With a sixth pregnancy underway, I asked the Lord to help me hold this gift loosely -- trusting Him with the outcome. I hoped that we'd be blessed with a healthy baby, and was grateful for an easy pregnancy. And then, the day before my 16 week appointment, I began to suspect something was wrong. My appointment the next day confirmed my worst fears. Our baby was already gone.




All-too-familiar emotions washed over me. How could this be happening again? I'd convinced myself that our first loss was a "fluke" (humanly speaking), and while I knew mentally that loss can happen at any stage of pregnancy, I'd breathed a sigh of relief when I crossed that first trimester threshold. Even now the grief is too raw for me to wrap my mind around it. 

For unto us a child was born -- too soon, too small, too perfect for words. Blessedly, he was born at home before the scheduled D&E. While I still needed the procedure, it no longer held the same dread because he'd already come. In fact, I welcomed the idea of general anesthesia; at least for a little while I would be literally unconscious to the emotional pain of losing my son. But numbness wears off, and in its wake I struggled -- still struggle -- to deal with the hormone-accentuated grief. As Christmas carols echo in stores, on the radio, in my mind, I keep coming back to one:

Born that man no more may die.


Death has made itself an unwelcome guest in our home for a second time. But we do not grieve without hope -- a Savior has already come, taken on our flesh, died to atone for our sin, and risen from the dead. He has defeated death by His own death and resurrection, forever depriving it of its sting. And when He returns, death will be a thing of the past. While I don't believe the Bible directly addresses what happens to miscarried babies, I do know that I can trust that whatever God wills is right. He created our baby and trusted him to us for a few brief weeks; we can trust Him with our little one for eternity.

Life hasn't lost all of its sweetness, and I cling to the gifts I see around me with a fresh awareness of how precious they are. Too often I take my sweet family for granted, forgetting that they are blessings I don't deserve and can't retain in my own strength. I also think of the not-so-small mercies that mark the past few weeks. If I hadn't started spotting the day before that appointment, I'd have been completely blindsided by the news. My appointment was scheduled with my favorite midwife at my practice. The doctor on call at the hospital for my D&E was the only OB/GYN I've seen at my (rather large) practice, and she remembered my husband and me from the few appointments we had with her at the beginning of Scout's pregnancy. Everywhere I turn, I see God's care and goodness in the midst of the pain and confusion.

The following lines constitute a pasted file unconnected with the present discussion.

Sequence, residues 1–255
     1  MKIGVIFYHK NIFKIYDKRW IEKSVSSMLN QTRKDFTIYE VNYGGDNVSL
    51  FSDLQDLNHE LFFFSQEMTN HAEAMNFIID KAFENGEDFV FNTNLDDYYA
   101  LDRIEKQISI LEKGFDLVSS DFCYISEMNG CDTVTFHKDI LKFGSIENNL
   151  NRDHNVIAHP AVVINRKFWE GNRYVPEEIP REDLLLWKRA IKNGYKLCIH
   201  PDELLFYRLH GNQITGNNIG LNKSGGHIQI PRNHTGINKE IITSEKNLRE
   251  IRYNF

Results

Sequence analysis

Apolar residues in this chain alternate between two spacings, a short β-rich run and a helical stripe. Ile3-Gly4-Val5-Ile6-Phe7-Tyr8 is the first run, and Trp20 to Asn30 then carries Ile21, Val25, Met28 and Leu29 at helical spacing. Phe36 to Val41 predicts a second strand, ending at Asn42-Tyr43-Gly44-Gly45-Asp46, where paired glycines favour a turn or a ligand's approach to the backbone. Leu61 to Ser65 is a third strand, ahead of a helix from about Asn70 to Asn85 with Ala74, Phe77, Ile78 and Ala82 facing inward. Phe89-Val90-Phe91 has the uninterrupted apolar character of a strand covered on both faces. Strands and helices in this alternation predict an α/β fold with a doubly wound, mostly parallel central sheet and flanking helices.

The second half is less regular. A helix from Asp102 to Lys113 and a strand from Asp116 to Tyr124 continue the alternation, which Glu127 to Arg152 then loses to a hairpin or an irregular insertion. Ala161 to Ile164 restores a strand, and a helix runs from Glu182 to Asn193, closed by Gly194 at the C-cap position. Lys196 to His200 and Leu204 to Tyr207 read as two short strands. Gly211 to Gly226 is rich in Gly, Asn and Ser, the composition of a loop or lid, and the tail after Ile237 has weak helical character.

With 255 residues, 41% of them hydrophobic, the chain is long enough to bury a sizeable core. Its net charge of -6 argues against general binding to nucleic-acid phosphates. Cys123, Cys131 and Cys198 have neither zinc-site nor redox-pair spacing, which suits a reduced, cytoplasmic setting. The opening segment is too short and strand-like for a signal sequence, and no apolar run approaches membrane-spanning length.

Miscarriage seems so futile. Why should a life end before it's even entered the world? And yet, I ask myself, when would it have been "okay?" I recently read of someone who lost a healthy baby at full term. There's a family in our community who just lost their one-year-old to cancer after a year-long battle. My own grandmother lost a son at seven years old (the day before his eighth birthday, which hits home for me this year as my oldest son just turned eight this month) and a middle-aged daughter many years later. Had my baby lived, it's not as if we would have been guaranteed he'd be have a long, healthy life. That knowledge doesn't dull the pain of his loss, but it helps me keep my perspective when my heart can't see straight. 

Step by step, God will lead us down this road again. He is comforting us and will continue to do so. And though it's hard to imagine, He will bring us to a place where we can look back on this time with less anguish. But standing here, only a few steps down that road, every fiber of my being just wants to rewind, to go back to a time when we were blissfully hopeful, blissfully ignorant of what lay ahead. 


Behold, I go forward, but He is not there,

and backward, but I do not perceive Him;

on the left hand when He is working, I do not behold Him;
He turns to the right hand, but I do not see Him.
But He knows the way that I take;
when He has tried me, I shall come out as gold.

Job 23:8-10, ESV



We would greatly appreciate your prayers as we grieve for our little one.








Sunday, November 25, 2018

Coming Into Port: The Starboard Sweater

I hadn't knit anything for Little Man in a while, so I decided a simple pullover sweater was in order -- preferably something gender neutral, so it can be used by all of his younger siblings! I picked the "Starboard" pattern by Alicia Plummer, and armed with my skeins of KnitPicks Cotlin (a 10% cotton, 30% linen blend) in Creme Brulee, I cast on.




I really thought I'd enjoy a simpler project -- This sweater is knit in the round, so it is primarily knit stitches. And while I certainly did enjoy the ease of being able to knit "mindlessly," I did miss the variety of having an interesting stitch pattern. 


I don't think the neckline gaps that much when Little Man is wearing it -- at least, I hope not!

In the end, I'm pleased with the result. I did forget to reduce my needle size at the body and sleeve hems! Fortunately it's not a big deal with the style of the sweater, and it's something I could undo and fix relatively easily. Not that I will... *wink*